The screening data were used to identify a subsample of 945 detainees who were selected for a detailed clinical assessment. Approximately 26% of those selected (N=248) were released before the interview or were unavailable for a variety of reasons, such as illnesses. An additional 219 detainees (23%) refused to participate in the study, and 14 (1%) had incomplete interviews. Participants in the final SCID subsample were 464 detainees that included 175 referrals (68 males and 107 females) and 289 nonreferrals (138 males and 151 females).
Table 1 presents the clinical cross-validation results of the 12-item BJMHS-R and the eight-item BJMHS for the subsample of 464 detainees who received the SCID. For comparison purposes, the table also shows the cross-validation results of the eight-item BJMHS from the original study (N=357) (11). Clearly, the four added questions in the BJMHS-R did not improve the performance of the original instrument. Also, as measured by difference of means test for the eight-item BJMHS, the study presented here showed a significant improvement in the percentage of females correctly classified, compared with the original study (z=—2.13, p=.033). For sensitivity, specificity, false-negative rates, and false-positive rates there is no gold standard for this type of instrument. In practice, it is a policy call as to what are acceptable rates given real-world practices, procedures, and potential liability. Nonetheless, the key point here is that the original eight-item BJMHS seems preferable in balancing the competing interests of accurately identifying people in need of services while controlling system burden from the number of referrals for more intensive mental illness assessment.
Despite making a number of what seemed to be clinically informed changes to the BJMHS, when new data were collected at three of the four original study sites plus a fourth new site, the original BJMHS turned out to be more powerful. These results reinforce the value of this screen for men and suggest that the earlier reservations about its use for women were overstated.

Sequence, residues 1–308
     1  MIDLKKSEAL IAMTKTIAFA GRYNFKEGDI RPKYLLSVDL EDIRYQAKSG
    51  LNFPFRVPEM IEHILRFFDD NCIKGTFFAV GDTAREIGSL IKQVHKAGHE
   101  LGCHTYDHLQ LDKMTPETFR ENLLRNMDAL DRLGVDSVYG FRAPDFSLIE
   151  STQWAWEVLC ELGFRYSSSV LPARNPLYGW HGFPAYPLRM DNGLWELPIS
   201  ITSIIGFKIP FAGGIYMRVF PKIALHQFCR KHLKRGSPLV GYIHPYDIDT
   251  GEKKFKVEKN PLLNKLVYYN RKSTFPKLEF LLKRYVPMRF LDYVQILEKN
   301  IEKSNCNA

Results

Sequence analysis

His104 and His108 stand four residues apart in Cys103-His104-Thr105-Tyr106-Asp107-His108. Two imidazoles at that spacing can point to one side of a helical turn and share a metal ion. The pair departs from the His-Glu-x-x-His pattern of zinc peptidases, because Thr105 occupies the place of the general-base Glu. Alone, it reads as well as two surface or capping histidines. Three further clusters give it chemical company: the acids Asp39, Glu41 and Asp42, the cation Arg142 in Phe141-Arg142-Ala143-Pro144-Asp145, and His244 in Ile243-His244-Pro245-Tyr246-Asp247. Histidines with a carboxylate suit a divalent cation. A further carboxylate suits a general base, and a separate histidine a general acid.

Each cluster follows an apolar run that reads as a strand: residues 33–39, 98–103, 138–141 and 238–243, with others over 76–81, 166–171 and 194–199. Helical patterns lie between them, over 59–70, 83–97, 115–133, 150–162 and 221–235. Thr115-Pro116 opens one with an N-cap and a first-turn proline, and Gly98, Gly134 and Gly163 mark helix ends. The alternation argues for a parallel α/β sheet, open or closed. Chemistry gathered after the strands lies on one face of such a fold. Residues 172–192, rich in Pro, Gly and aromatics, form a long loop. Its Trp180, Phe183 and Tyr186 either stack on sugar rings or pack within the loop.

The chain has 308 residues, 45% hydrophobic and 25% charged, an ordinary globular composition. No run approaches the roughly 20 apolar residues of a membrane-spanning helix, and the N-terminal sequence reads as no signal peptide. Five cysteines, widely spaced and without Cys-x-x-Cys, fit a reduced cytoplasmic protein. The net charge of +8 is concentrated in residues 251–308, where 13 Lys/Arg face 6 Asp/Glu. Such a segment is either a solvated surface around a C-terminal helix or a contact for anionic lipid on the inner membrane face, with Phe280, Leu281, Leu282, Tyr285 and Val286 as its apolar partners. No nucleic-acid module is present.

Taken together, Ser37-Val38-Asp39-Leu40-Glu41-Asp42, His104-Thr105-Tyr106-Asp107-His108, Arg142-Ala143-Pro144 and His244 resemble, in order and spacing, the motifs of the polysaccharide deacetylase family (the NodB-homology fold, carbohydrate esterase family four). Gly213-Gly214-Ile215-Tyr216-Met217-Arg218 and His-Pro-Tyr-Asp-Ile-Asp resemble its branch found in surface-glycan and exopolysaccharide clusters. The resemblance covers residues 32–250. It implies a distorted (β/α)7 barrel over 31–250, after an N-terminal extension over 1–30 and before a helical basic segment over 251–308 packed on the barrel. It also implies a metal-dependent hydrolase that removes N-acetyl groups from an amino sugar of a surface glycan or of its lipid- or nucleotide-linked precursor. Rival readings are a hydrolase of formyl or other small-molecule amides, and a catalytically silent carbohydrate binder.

It's unclear why the 35% false-negative rate in the original study was reduced to 14% in the study presented here for the eight-item BJMHS. It would seem that, in effect, the confidence interval for false negatives for womenfor the eight-item BJMHS is between 14% and 37%, depending on the particular jails in which it is being used. It is quite possible that the results for this screening tool vary not only by sample, but they also may be influenced by other factors, such as the base rate of mental illness in the jail.
In the study presented here, female booking officers were slightly more likely than male booking officers to elicit responses that resulted in referral when using the 12-item BJMHS-R, compared with the eight-item BJMHS; however, these gender differences were statistically significant for both versions of the BJMHS. It is important to note that the overall accuracy results from the eight-item BJMHS do not significantly differ from female booking staff to male booking staff (76% versus 78%, respectively). This is explained by the fact that although female officers tended to refer more individuals and had a lower false-negative rate, they also had a higher false-positive rate, resulting in an overall equivalency in accuracy. We do not believe that these observations mean that the BJMHS should be done only by female booking staff because it is simply impractical in most jails and the overall accuracy rate is almost identical with female and male correction officers.